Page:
From ‘oops’ to ‘eureka’

Mark Twain once remarked that accident was the greatest inventor of them all, and then he promptly tripped over.

Even if I made that last part up, the master humorist did uncover an incisive truth in the domain of creative thinking. In these times where creativity is increasingly being coaxed to enter modern day workplaces, many organizations are furiously trying to institutionalize the process. But the muse seems to be as rare to encounter; as getting an auto rickshaw to take you a short distance, on a rain ravaged day.

Is formalizing a method really the way to instigate creativity? As companies grapple with systems and procedures, can something as unfettered as creativity, ever be regimented?

A brief examination of the history of conceptual ideas, throws up some interesting paradoxes. These, almost counterintuitive approaches, seem to defy conventional logic. But in many ways they might precisely be the milestones on a truly innovative journey. In an era where one is burdened with ‘to do’ lists, let’s take the lazier alternative of elaborating on some ‘don’ts’.

Don’t give up on a washed out project

One day cricket, quite literally rose from the Ashes. Legend has it that the English and Australian teams; put up an impromptu limited overs show on the fifth day, of a rain impaired test match. The feedback from both the players and the spectators must have been exciting, and very soon a newer, more marketable version of an age old sport was born.

3M’s Post It, was also a result of the team persisting with a failed product. Fresh uses were found and the scope of the new invention was redefined to launch a mega brand.

Having gone a certain distance, and then being confronted with disappointment might not always be a bad thing. Impending failure could just prompt, examining the same issue from a bolder new perspective.

Don’t stay awake on the job

August Kekule was pondering the molecular structure of benzene. Immersed in deep thought he drifted off to sleep. He dreamt of a snake swallowing its own tail, and he woke up to a defining moment in organic chemistry. The atoms of carbon had to arrange themselves in a ring shape; was his breakthrough insight.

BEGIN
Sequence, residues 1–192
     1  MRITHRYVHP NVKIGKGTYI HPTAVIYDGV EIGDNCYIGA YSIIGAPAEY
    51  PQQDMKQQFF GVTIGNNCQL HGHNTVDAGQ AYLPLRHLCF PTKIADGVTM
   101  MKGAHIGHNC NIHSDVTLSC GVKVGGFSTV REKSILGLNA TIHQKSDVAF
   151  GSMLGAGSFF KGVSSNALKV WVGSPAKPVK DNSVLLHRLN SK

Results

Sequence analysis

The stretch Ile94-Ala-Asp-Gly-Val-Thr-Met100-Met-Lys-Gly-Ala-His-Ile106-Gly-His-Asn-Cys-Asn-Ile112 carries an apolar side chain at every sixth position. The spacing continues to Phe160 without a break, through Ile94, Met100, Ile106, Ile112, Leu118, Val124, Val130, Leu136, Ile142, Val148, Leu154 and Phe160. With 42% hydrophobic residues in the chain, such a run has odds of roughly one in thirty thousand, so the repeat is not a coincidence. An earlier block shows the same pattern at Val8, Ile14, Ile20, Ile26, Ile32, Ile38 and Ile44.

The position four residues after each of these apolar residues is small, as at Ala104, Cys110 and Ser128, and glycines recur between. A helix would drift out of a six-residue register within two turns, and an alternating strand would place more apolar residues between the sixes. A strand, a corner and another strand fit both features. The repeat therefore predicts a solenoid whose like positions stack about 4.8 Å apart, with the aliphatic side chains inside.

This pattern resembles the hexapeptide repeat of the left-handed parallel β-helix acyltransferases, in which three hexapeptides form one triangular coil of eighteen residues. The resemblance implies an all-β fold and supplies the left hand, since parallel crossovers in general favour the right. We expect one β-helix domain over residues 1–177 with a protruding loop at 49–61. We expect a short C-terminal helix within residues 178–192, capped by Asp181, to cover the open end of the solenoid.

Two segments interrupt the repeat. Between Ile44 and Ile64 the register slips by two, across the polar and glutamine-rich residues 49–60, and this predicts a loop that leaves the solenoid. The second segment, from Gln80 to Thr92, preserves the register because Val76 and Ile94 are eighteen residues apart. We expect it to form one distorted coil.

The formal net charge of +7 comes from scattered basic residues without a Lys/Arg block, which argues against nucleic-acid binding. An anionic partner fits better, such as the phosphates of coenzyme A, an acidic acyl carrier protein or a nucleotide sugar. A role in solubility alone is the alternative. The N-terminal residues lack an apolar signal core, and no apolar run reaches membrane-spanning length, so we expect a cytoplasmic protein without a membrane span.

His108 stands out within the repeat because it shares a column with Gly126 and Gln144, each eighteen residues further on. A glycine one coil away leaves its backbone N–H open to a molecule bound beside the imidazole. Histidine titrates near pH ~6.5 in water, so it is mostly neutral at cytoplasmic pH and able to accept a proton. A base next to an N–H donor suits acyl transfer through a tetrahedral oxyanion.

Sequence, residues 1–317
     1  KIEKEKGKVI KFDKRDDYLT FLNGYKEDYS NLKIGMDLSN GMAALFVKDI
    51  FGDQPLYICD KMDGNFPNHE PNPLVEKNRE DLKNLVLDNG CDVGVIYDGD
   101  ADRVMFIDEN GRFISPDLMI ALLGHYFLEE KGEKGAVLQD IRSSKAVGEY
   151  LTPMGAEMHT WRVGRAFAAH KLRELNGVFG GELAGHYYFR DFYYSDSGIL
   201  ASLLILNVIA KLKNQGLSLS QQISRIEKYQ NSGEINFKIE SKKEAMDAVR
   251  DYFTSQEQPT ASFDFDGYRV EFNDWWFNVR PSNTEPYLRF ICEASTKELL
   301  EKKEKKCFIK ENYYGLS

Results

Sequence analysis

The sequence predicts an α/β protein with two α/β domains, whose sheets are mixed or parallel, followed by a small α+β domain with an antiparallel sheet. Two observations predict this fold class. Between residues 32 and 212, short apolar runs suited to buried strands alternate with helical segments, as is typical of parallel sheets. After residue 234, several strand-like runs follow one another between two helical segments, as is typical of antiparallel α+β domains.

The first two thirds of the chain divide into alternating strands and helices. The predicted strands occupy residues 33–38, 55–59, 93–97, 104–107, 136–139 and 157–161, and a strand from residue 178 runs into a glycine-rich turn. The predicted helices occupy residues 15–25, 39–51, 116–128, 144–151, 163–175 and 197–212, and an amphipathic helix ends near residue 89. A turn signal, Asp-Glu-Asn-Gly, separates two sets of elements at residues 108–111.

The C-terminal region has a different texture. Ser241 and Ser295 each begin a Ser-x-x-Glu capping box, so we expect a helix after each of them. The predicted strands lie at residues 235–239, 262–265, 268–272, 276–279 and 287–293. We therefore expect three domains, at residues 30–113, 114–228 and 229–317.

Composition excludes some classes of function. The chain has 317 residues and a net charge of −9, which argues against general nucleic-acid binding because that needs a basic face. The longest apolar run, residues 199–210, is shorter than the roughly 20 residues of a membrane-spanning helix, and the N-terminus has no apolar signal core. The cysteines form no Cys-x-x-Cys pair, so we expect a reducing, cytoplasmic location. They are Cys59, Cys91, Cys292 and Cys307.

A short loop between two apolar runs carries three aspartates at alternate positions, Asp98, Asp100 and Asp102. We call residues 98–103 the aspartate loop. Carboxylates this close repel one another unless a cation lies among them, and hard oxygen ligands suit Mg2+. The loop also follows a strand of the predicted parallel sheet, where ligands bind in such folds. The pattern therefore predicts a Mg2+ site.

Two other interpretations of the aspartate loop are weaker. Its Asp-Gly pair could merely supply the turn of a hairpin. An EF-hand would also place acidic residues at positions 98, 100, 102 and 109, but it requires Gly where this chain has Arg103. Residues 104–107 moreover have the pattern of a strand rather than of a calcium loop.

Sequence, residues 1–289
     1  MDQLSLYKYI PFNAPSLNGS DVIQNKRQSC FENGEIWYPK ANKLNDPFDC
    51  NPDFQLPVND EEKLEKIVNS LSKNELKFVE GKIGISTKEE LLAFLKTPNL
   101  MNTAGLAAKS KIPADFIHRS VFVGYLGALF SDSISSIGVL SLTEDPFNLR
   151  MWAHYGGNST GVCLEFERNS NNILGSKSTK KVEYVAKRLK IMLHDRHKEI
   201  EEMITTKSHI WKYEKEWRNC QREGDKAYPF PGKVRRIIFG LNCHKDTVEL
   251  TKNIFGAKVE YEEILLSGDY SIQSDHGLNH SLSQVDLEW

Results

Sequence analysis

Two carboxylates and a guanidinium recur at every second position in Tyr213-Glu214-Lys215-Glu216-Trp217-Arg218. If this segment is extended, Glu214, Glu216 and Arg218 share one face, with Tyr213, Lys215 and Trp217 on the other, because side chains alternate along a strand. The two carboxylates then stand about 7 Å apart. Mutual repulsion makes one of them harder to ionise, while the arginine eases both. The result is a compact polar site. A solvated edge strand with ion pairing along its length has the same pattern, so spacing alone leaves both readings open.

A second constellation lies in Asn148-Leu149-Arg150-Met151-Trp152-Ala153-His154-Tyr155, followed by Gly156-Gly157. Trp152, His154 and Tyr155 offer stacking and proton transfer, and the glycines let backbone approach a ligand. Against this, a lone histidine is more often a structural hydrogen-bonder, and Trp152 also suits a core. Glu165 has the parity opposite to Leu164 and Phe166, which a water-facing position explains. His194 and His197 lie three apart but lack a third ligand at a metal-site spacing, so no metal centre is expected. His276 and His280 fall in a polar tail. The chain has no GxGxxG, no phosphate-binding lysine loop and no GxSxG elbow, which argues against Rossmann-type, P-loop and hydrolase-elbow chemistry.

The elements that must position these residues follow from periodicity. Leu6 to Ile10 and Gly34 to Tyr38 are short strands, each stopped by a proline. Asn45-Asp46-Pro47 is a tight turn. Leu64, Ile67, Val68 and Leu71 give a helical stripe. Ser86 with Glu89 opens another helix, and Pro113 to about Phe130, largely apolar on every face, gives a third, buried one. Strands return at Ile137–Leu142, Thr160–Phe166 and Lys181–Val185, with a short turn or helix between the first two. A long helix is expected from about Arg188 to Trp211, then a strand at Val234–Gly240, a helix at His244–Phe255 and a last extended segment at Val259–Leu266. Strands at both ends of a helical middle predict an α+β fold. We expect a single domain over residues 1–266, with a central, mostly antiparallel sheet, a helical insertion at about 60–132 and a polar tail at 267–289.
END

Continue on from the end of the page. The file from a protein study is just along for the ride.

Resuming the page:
Dreams liberate us from the debilitating constraints of purely rational thinking. They enable truly random combinations of the problem elements; that sometimes can never surface in a conscious experience. So the next time you get caught taking a nap at the office; calmly retort; ‘it was only in the pursuit of a truly landmark idea’.

Don’t go looking for it

Copernicus was a physician who gazed into the night sky; purely because the task of prescribing medicine in those times depended on planetary positions. Guttenberg was in the midst of a wine festival. Darwin was on a long voyage recording different species off the coast of South America. All these men inadvertently stumbled onto serendipitous observations that would change the history of mankind.

Sometimes ideas emerge almost with an envious intent, when the explorer seems to be paying attention elsewhere. When this happens, teams need to be flexible enough to recognize it as such, as often they would be dealing with something completely different. The ability to switch tracks at that moment, to pursue the new idea is of critical importance.

Don’t hesitate to examine the opposite

Accidents happen when one travels in the opposite direction to the expected course. Few examples would compare with the concept of ‘Ahimsa’ in this regard. Inspired by the Mahatma, the Indian freedom struggle confounded the British with their sterling resolve to not retaliate, in the face of violence. An unexpected and novel strategy that led to our freedom…

Organizations are learning that exploring the opposite alternative, sometimes leads to competitive advantage. The iconic self deprecating ‘Think Small’ approach of the Volkswagon Beetle, in stark contrast to the pompous brands around it, surely drove the brand straight into consumer hearts in America.

Eventually random insight and serendipitous events; play an important part in creativity. Companies need to appreciate this and create cultures and environments, where the probability of such chance events is increased.

It’s time we unleashed chance to give creativity a chance.

Post by Vinay Kanchan

Vinay Kanchan is a creative thinking trainer and an independent brand consultant. He is the author of the book, The Madness Starts at 9 and also the patron saint of a footballing movement called Juhu Beach United, that celebrates, the unfit, out of breath working professional of today. He blogs at can be contacted at

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